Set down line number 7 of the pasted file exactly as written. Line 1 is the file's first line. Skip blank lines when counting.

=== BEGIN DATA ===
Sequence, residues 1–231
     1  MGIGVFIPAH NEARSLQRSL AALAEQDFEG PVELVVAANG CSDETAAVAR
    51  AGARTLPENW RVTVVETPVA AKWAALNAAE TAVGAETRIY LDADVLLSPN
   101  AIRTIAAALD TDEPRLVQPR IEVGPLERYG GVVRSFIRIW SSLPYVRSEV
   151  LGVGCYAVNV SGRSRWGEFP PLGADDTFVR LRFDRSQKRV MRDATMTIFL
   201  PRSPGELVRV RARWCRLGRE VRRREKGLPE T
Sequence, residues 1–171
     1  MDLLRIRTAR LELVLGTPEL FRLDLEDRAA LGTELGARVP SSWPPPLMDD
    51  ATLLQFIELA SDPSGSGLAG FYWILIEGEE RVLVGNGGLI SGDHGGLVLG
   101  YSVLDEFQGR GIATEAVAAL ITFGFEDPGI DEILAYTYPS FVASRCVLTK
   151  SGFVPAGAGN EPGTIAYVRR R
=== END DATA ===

Sequence, residues 1–171